"Students have made this an area for holding protests and conducting violent acts, due to which it has lost its sanctity," he added.
"I still visit Stu-C with my friends, having passed out five years back. It always revives beautiful memories. It has been a famous place for all," said Brinder Dhillon, an alumnus of the laws department.
Joy, the head waiter of the Indian Coffee House, has spent more than a decade there.
"The tastes and preferences of the students have changed over the years. Every year there is a decrease in the number of students that come to the cafeteria. Earlier people had to wait in long queues to get a place," he said.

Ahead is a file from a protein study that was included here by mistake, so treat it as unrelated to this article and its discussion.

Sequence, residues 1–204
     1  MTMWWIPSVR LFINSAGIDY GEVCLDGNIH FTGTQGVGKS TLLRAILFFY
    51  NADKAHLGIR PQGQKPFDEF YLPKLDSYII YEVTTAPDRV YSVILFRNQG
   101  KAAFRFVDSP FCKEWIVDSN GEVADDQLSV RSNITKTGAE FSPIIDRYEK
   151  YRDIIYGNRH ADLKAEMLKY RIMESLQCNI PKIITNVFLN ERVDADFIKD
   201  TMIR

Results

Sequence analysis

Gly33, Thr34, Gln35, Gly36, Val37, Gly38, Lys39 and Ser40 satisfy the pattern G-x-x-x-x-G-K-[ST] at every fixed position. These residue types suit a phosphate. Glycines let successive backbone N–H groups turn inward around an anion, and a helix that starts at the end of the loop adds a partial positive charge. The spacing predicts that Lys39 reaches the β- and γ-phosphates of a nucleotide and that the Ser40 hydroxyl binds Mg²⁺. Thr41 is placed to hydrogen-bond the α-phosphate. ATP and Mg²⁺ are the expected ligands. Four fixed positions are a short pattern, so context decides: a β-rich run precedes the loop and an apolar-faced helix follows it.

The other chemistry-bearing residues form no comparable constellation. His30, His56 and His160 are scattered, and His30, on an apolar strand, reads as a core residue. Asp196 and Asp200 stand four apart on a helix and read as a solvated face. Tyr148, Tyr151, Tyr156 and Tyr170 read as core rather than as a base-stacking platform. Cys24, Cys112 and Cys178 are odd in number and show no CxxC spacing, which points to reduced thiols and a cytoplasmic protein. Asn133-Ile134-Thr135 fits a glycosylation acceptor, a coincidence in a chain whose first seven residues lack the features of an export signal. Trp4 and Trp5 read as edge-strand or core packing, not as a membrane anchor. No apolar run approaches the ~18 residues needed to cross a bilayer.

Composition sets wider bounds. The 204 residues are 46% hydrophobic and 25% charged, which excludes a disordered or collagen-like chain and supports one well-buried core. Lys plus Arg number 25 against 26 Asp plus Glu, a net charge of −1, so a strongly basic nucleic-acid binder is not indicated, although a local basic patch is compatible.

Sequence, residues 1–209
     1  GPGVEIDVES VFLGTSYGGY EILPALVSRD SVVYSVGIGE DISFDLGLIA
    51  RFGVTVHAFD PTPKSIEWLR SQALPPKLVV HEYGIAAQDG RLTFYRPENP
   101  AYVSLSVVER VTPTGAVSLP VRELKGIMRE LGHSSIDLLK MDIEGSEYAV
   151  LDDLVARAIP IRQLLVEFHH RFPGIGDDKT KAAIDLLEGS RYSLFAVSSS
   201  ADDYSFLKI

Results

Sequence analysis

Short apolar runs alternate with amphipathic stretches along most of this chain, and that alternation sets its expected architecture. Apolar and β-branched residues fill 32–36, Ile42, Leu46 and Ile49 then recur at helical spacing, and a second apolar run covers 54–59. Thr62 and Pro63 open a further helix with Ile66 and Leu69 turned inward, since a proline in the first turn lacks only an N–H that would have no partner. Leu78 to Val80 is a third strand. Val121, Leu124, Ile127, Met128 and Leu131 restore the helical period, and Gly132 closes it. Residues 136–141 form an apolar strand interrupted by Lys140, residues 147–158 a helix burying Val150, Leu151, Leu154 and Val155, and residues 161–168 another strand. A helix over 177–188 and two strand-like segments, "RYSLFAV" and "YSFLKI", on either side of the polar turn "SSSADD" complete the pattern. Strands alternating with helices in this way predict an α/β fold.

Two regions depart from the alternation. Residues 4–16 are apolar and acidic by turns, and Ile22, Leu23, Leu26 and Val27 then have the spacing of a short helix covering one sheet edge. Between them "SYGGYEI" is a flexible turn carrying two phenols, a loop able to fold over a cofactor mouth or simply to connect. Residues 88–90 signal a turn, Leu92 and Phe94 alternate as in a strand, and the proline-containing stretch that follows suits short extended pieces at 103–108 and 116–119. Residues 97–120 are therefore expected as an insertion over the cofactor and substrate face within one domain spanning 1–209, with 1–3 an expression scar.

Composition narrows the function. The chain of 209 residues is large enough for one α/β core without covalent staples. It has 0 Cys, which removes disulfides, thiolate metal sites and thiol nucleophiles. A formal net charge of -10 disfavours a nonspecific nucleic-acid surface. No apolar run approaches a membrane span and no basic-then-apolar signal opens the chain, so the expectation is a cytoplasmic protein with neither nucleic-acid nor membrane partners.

"Usually it's the older faculty members that come here. This place is not very popular amongst the present generation," he noted with disappointment.
"The taste of south Indian food has not changed in these years. It is my all-time favourite spot," said Sarita Jindal, alumnus and faculty member at PU.
During festivals like Lohri, Diwali and Holi, the Stu-C has its own charm with a celebratory atmosphere. Hundreds of students and visitors converge here and scores can be seen shaking a leg to the loud music played by a DJ.
By Mannat Mundi
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